Burns management

Q) A 45 year old male sustains 30% burns on both legs and anterior abdominal wall.  There was  mild inhalation  injury associated with it. He initially responded well to treatment with IV fluids, Inj Tramadol and enteral feeding.

Three days after the treatment he is having slight tachypnea (30/min) pulse 110/min and BP 98/60. His temp is 97degree F and some areas of partial thickness have converted into full thickness. He is currently on Inj Magnamycin. His platelets are 70ooo, TLC is 17000 and sugar is 200 mg%. What is the next step in management?

a) Continue same management

b) Upgrade the antibiotic and send a fresh culture from skin

c) Treat it as carbon monoxide poisoning

d) Manage in lines of Acute Tubular Necrosis

Answer for premium members

Burns management involves critical care, intensive phase and rehabilitation. Loss of skin and eschar formation predispose individuals to gram positive, gram negative and fungal infections.

 

Dumping Syndrome

Q) Late dumping syndrome is due to 

a) Excessive release of insulin

b) Food bolus in jejunum

c) Release of serotonin

d) Local enteric reflexes

Answer

a, Excessive release of Insulin 

Dumping syndrome are most common after billroth II gastrectomy followed by BI and Truncal vagotomy and gastro jejunostomy.

Dumping can occur 30 mins after food, (early dumping) or 2 hours after eating (late dumping). Early dumping has GI symptoms such as nausea, vomiting, epigastric fullness, diarrhea and abdominal pain.

Early dumping occurs due to rapid emptying of chyme in jejunum. This hyperosmolar fluid draws water from extracellular compartment to the lumen of small intestine causing intestinal distension and autonomic changes.Serotonin, bradykinin-like substances, neurotensin, and enteroglucagon are involved in early dumping.

Late dumping syndrome  has more cardiovascular symptoms such as palpitations, light headedness, dizziness, tachycardia, diaphoresis, flushing and blurred vision.

It occurs due to delivery of carbohydrates into jejunum, their absorption causes hyperglycemia and insulin release. Excessive insulin release leads to development of symptoms.

Treatment of Dumping syndrome

  1. Diet - Avoid carbohydrates, frequent small meals of protein and fat and separate liquids from solids
  2. surgery Conversion to Roux en Y

Ref Sabiston 1212

 

Carbon Monoxide poisoning

Q. Carbon monoxide poisoning true is

a. It is having 10 times more affinity than oxigen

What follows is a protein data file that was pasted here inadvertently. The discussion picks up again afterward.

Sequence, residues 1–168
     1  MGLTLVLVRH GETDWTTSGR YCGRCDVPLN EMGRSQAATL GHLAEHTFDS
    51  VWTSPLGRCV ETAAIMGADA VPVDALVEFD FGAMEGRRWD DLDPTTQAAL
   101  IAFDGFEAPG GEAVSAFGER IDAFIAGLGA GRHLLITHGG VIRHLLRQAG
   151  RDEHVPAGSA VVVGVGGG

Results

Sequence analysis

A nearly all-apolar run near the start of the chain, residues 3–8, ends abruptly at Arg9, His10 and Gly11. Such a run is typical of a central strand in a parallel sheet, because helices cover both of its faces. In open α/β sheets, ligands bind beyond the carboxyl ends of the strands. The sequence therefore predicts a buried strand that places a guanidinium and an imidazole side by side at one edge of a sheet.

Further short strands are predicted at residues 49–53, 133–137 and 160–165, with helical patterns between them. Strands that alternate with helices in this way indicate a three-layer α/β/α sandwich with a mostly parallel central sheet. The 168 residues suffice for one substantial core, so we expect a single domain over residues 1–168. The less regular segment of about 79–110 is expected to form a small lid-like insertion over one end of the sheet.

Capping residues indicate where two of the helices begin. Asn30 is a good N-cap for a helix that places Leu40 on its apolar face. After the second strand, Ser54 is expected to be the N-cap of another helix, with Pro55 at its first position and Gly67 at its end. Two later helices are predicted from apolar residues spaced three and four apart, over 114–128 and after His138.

b. 60 percent is not deadly.
c. Concentration above 10% are dangerous and need observation
d. Concentration above 10% are dangerous and need treatment with pure oxigen
for more than 24 hours

Answer Free 

d

Option A: Affinity of CO for Hb is 200-250 times that of oxygen. It causes a conformational change in Hb molecule and reduces affinity of Hb for O2, shifting the oxyhemoglobin dissociation curve to the left.

Option B: Concentrations less than 10% are usually asymptomatic. Concentrations >60% are fatal. Arterial carboxyhemoglobin level must be obtained because pulse oximetry can be falsely elevated.

Option C: Concentrations above 10 per cent are dangerous and need treatment with pure oxygen for more than 24 hours. Administration of 100% O2 reduces the half-life of CO from 250 minutes in room air to 40 to 60 minutes on 100% oxygen.

Strongest layer of the intestine

Q) Which is the strongest layer of the intestine?

a) Mucosa

b) Submucosa

c) Muscularis propria

d) Muscularis mucosa

Answer:

b) Submucosa is the strongest and most important layer for intestinal anastomosis. It has fibroblasts that will ultimately release collagen and hold the anastomosis together. This layer should be fully incorporated in the anastomosis.

Inverted Vs everted anastomosis of intestine debate has been log going on but now many prefer inverted because mucosa is exposed to mucosa and eventually degrades joining the two submuoca together to cause healing by primary intention.

REF Schakelford: page 923

Borrmann’s classification for ca stomach

Q) According to Borrmann's Classification of Ca stomach Type II is

a) Fungating

b) Polypoid

c) Ulcerative

d) Infiltrative

Answer free

Ans  a

Fungating

Borrmann’s classification is for advanced gastric tumors. 

It is useful to distinguish between advanced and early gastric tumors because in advanced tumors neo adjuvant therapy improves over all survival.

The gross appearance of advanced gastric carcinomas can be divided into

Type I for polypoid growth

Type II for fungating growth,

Type III for ulcerating growth,

Type IV for diffusely infiltrating growth which is also referred to as linitisplastica 

advanced ca stomach
Borrman's classification of ca stomach